Initially, L. J. Hurst worked in the backrooms of the media industry. He now divides his time between work for an international scientific publisher and a rather more British independent bookseller. In years past he was a regular attendee at the Shots on the Page Festivals from whence Shots Mag sprung
Some Roman once said that there is always something new coming out of Africa, but in crime literature that has not been too true until recently. Back in the 1960s, after their expulsion from South Africa, Tom Sharpe and James McClure both returned to that unhappy country for some or near-all of their work, but – McClure particularly and unfortunately – never got around to dealing with the post-apartheid South Africa.
Now Deon Meyer, who writes in Afrikaans but has contracts all around the world, is bringing us up to date. Blood Safari is his fifth thriller to appear in English. Though he is new to me, when I checked out his other titles on Amazon, I learned that readers who liked Meyer also bought Lee Child. That means readers with taste who were one step ahead of me.
In the world of Deon Meyer it is not unusual that others are one step ahead. Fortunately, I am just a reader, and a foreigner, because it would mean, confusion and pain for me, suffering for others. And heartbreak for South Africa. In the chasing, thundering, misunderstanding world of a man such as Lemmer – he does not use his first name, there are things for which he has no use – a man who wants to do right, a man who in his job as a bodyguard, wants not just to be close to the body he has to guard, but to forestall hurt to that body if he can work out where the danger might come from – in that world, he will never be in a position to know, because the powers that be and the powers that want to be will always be one step ahead. So much ahead that Lemmer and his client – orphan heiress Emma Le Roux – will never know where or who they are.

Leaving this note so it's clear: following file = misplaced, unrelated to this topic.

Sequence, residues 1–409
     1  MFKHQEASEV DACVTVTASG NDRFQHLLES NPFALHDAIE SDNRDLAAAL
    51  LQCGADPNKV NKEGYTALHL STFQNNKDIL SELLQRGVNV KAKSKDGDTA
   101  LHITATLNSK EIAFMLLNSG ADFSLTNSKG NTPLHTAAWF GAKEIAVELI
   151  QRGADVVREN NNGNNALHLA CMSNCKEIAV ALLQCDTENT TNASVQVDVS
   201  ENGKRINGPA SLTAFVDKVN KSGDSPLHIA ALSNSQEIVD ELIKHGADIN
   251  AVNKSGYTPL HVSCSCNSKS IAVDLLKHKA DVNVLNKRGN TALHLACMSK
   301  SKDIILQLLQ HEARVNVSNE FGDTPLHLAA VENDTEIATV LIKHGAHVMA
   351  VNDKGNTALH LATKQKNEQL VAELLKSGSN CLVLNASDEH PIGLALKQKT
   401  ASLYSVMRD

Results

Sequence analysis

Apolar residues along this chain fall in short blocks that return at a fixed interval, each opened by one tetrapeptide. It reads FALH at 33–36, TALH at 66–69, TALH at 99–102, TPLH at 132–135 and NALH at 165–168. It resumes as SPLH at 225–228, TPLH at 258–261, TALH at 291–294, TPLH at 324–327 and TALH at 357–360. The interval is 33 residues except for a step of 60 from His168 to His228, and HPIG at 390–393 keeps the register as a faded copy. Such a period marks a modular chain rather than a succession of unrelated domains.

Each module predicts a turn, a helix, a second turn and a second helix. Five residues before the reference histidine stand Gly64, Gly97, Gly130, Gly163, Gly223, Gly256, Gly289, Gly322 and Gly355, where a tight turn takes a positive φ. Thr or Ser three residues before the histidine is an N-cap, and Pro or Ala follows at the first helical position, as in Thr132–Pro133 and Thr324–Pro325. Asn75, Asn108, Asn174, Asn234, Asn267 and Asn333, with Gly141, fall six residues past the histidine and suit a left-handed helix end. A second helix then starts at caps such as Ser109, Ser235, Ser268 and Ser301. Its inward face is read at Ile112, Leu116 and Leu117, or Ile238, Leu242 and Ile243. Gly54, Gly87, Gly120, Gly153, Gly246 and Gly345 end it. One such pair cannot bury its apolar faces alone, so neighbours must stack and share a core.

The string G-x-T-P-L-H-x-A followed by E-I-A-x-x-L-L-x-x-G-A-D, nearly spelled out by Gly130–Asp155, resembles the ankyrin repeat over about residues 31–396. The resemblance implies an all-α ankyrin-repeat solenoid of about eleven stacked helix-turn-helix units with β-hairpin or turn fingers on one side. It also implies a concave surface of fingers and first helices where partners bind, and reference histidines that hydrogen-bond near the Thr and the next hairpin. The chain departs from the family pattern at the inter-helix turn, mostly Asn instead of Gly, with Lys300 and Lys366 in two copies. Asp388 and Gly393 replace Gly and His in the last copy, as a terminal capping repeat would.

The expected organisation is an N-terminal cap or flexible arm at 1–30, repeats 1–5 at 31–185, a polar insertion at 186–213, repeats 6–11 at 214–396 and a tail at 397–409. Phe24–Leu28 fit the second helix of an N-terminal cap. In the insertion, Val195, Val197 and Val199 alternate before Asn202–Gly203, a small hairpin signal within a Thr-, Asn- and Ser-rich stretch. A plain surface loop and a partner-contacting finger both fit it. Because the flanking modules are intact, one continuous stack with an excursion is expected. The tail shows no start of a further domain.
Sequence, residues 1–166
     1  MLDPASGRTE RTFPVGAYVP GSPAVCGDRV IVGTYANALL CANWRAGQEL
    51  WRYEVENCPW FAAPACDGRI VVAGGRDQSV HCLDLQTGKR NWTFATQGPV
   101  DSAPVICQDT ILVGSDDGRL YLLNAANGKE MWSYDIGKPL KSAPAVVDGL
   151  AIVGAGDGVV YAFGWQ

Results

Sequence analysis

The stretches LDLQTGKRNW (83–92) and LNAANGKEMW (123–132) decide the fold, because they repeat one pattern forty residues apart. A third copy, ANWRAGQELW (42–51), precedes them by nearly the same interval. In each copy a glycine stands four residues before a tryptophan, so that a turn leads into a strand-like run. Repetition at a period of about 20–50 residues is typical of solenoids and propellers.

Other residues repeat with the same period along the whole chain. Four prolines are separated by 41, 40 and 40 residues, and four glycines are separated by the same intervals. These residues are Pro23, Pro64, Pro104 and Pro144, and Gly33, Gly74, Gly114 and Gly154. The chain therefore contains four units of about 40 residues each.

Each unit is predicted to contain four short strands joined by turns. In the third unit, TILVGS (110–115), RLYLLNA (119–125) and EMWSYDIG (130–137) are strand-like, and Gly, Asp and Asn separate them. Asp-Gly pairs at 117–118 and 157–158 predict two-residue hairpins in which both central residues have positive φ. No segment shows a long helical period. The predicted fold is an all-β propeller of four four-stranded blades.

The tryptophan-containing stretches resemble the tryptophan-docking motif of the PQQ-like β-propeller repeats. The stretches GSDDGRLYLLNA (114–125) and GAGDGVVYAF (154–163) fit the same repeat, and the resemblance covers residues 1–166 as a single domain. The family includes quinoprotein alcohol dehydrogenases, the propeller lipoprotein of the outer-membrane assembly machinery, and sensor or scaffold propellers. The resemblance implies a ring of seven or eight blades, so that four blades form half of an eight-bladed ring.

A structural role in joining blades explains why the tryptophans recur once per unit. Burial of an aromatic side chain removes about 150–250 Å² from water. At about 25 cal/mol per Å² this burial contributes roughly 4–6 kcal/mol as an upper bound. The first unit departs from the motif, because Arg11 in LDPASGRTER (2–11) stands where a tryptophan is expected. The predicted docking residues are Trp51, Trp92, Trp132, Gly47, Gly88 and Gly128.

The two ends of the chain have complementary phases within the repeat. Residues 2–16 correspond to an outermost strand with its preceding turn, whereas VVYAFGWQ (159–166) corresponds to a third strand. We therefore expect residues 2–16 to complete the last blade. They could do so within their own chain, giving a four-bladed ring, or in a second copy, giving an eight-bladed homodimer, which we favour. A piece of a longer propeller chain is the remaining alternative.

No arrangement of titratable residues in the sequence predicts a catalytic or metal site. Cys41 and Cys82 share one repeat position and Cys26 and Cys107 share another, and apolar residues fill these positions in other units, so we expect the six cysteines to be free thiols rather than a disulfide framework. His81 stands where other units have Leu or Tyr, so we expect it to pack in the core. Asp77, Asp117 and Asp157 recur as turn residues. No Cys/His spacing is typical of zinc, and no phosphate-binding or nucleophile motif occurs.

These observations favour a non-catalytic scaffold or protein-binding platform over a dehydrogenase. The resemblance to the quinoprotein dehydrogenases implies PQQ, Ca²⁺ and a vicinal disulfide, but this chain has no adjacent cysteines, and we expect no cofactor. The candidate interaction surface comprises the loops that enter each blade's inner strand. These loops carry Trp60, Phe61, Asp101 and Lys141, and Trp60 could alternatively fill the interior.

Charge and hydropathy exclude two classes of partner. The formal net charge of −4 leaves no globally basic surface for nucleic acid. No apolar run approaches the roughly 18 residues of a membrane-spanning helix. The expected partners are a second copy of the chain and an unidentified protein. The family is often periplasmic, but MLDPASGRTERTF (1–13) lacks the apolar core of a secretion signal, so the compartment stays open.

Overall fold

Blood Safari takes Emma Le Roux on a hunt for her missing brother up country to the big game parks, where a few people with spirit are striving to save the land and its wildlife, and where their opposition might be large corporations, but could equally be the native peoples who want their original farmland back. Lemmer, who we learn has something to expiate in his life, finds it difficult to trust the police, now with black officers who might be sympathetic to tribes people, though Lemmer admits to we readers he has a background that makes him a natural suspect anyway. An unfortunate connection with a couple of plain clothes police officers does not make Lemmer’s relationship with the police any easier. The connection is fist and head.
Deon Meyer does not have a series protagonist, though the principals in each book share a lot of characteristics. Gradually, Lemmer manages to work out why his opponents are ahead of him. He has a more difficult job of making sense of Emma Le Roux, her missing brother/found brother, and the other bodies on the way, but that too works itself out. I was a little disappointed that this was done with an info dump lasting several pages, which also brings in some real political history – it gave the end of the book a rushed feel – but I could see why those Amazon readers who liked Lee Child have been reading Deon Meyer, too. I expect to join them.